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Reducing carbon monoxide poisoning

Checking a carbon monoxide detector

What is the problem?

Every year, an estimated 15,200 people seek medical care in an emergency department or miss at least one day of work due to exposure to carbon monoxide(CO) in the U.S. Correctly installing, maintaining, and operating carbon monoxide-emitting devices and appropriately using carbon monoxide detectors can help prevent CO poisoning. Even though no national surveillance system exists for acute CO poisoning, a body of literature describes excess cases of CO poisoning due to power outages from storms, floods, and hurricanes. However, Maine did not have an active tracking system capable of identifying risk factors for CO poisoning.

What did Tracking do?

The tracking program developed a state-wide surveillance system for CO poisoning. This system uses multiple data sources as well as geographic information to identify groups at a higher risk for potential exposure. In addition, tracking staff developed a module for the state's Behavioral Risk Factor Surveillance System that allows them to track CO detector use. Tracking staff were able to amend the mandates for the Maine CDC's public health activities to make environmentally related health conditions reportable. In 2008, CO poisoning became the first condition to be included under this mandate.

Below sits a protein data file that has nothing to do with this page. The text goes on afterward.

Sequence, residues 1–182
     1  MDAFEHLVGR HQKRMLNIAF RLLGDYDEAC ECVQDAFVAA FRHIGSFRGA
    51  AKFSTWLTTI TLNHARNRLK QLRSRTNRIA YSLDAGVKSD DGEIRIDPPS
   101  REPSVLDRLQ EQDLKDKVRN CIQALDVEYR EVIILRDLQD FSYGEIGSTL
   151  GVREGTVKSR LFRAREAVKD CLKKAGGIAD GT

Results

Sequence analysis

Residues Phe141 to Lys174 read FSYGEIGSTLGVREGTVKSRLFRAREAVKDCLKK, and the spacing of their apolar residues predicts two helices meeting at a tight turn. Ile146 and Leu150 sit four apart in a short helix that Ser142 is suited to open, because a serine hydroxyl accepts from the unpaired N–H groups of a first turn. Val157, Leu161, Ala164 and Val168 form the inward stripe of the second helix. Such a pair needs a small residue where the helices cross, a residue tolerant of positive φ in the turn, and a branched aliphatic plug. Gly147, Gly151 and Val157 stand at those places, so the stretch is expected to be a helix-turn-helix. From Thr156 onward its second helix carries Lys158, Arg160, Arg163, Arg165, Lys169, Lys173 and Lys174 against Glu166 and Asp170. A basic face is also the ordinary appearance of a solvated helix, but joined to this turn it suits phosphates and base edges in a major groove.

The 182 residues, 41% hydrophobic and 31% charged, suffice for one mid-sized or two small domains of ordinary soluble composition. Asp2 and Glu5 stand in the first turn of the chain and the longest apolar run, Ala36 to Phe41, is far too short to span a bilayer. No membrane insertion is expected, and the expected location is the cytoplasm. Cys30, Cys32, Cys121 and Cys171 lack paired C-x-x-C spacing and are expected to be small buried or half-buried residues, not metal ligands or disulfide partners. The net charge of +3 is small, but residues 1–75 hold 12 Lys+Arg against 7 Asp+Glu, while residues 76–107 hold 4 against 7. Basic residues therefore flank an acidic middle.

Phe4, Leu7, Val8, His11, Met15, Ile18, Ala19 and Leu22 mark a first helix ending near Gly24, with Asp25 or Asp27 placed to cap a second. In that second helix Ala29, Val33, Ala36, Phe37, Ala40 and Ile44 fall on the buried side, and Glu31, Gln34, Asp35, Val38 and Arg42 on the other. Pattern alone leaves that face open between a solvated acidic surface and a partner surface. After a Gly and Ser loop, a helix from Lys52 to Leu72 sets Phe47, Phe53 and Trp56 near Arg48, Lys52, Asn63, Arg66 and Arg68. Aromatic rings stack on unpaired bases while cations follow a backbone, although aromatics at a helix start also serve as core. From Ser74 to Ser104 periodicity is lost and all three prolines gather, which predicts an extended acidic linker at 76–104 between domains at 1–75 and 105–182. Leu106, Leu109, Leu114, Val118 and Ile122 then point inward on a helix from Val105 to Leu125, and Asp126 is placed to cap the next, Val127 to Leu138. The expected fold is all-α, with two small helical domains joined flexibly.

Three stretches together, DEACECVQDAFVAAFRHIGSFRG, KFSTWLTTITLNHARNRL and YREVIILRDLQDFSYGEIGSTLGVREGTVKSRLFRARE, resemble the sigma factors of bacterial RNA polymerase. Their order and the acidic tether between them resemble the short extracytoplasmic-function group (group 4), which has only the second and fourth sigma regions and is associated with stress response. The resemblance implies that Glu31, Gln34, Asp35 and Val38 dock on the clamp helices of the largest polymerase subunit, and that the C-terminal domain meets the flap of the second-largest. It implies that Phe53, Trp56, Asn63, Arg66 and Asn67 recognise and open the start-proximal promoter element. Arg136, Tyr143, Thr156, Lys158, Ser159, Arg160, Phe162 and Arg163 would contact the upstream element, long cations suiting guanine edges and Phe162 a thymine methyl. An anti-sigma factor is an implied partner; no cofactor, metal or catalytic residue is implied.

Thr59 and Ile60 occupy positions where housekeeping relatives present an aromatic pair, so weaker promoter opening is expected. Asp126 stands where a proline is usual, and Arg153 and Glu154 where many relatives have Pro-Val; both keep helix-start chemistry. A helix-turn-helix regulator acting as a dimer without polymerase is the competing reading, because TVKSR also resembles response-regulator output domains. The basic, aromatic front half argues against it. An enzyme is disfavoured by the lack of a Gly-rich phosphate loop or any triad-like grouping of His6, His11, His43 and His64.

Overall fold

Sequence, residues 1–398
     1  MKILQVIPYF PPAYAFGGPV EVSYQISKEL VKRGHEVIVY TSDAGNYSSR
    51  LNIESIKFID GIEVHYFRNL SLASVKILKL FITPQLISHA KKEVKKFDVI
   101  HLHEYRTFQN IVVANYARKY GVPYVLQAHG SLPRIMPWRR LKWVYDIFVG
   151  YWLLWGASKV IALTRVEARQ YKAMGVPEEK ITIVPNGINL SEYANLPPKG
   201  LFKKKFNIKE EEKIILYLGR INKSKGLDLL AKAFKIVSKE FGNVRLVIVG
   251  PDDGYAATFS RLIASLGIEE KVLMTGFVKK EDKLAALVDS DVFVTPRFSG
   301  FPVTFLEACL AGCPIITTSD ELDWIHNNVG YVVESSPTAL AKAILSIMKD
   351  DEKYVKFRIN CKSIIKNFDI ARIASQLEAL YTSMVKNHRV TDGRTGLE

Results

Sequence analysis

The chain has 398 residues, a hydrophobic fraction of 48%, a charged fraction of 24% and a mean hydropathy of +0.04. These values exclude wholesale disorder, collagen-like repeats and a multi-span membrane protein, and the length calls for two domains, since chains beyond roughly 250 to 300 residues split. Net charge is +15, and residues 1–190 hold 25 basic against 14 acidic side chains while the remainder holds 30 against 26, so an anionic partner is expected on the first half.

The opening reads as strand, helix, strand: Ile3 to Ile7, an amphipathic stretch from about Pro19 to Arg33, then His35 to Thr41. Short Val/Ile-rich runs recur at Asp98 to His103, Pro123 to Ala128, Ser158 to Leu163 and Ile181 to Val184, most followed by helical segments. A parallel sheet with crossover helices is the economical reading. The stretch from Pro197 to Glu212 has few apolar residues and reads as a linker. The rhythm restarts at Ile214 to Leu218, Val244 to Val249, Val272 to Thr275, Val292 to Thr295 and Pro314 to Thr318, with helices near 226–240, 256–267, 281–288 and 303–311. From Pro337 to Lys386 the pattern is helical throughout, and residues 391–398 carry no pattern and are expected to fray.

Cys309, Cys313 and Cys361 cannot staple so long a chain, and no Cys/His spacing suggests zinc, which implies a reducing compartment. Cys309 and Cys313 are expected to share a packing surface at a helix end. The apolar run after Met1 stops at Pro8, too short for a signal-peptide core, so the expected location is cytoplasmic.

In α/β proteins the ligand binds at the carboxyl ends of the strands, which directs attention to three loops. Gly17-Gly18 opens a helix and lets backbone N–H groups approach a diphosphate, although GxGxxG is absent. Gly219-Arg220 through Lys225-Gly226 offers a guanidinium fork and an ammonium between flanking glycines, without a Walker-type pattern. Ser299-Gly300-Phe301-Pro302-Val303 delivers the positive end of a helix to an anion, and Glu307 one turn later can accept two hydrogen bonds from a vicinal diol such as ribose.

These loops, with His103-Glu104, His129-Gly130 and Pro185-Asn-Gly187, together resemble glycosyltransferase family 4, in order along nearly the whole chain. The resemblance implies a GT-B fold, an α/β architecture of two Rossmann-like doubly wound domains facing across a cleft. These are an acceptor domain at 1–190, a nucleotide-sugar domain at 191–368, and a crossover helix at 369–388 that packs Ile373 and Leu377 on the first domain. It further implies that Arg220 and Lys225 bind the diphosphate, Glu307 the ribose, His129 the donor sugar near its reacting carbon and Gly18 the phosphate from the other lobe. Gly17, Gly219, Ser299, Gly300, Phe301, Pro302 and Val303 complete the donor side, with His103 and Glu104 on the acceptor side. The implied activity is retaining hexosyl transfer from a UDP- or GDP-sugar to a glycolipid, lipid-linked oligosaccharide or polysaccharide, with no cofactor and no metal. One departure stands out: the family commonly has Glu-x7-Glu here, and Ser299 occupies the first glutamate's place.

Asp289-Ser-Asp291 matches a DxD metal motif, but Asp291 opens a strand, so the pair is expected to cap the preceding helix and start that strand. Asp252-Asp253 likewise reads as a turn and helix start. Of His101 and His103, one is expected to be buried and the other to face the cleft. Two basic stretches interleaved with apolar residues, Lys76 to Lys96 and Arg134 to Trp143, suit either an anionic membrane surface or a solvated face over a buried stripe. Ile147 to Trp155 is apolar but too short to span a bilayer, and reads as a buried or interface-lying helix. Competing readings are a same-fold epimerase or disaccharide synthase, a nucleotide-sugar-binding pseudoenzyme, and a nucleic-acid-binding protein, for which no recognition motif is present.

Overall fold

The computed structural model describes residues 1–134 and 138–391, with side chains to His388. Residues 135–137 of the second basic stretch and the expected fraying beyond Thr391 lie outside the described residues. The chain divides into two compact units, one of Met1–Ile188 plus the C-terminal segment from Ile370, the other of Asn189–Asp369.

Improved public health

With data from the CO poisoning surveillance system, the Maine Tracking Program found that almost every case of CO poisoning in the state was associated with not having a CO detector. These data led to new legislation requiring CO detectors in all rental units and in single family homes when there is an addition or renovation and whenever a property is sold.

The law went into effect in September 2009, and the Maine Tracking Network is working to measure the effect of the law on CO poisoning prevention.




Tracking the effect of outdoor air quality on health

Girl using asthma inhaler

What is the problem?

Asthma is one of the most common and costly illnesses in the United States. Maine has one of the highest rates of asthma in the country. About 130,000 Mainers–including 28,000 children–have asthma. Put another way, about one in 10 children and adults in Maine have asthma. Maine often has elevated levels of ozone and particulate matter. People are understandably concerned about the effects of ozone on asthma. Ozone is a main ingredient in smog. At ground level, ozone can be a health risk. Studies have shown that as ozone levels increase, asthma-related hospital stays and emergency department visits tend also to increase.

What did Tracking do?

Maine's Tracking Program linked outdoor ozone data with asthma-related emergency department data. Now scientists can estimate ozone-related asthma cases both in a community and statewide. Further studies show asthma cases associated with ozone levels by age, sex, and geography.

Improved public health

The tracking program has analyzed the association between asthma and outdoor air quality. The health department has used this information to identify Mainers at high risk. Asthma has no cure, but it can be controlled. Learning about this association has helped the Maine Tracking Program provide information to health care professionals. They can now target people who are at risk and can share prevention tips.


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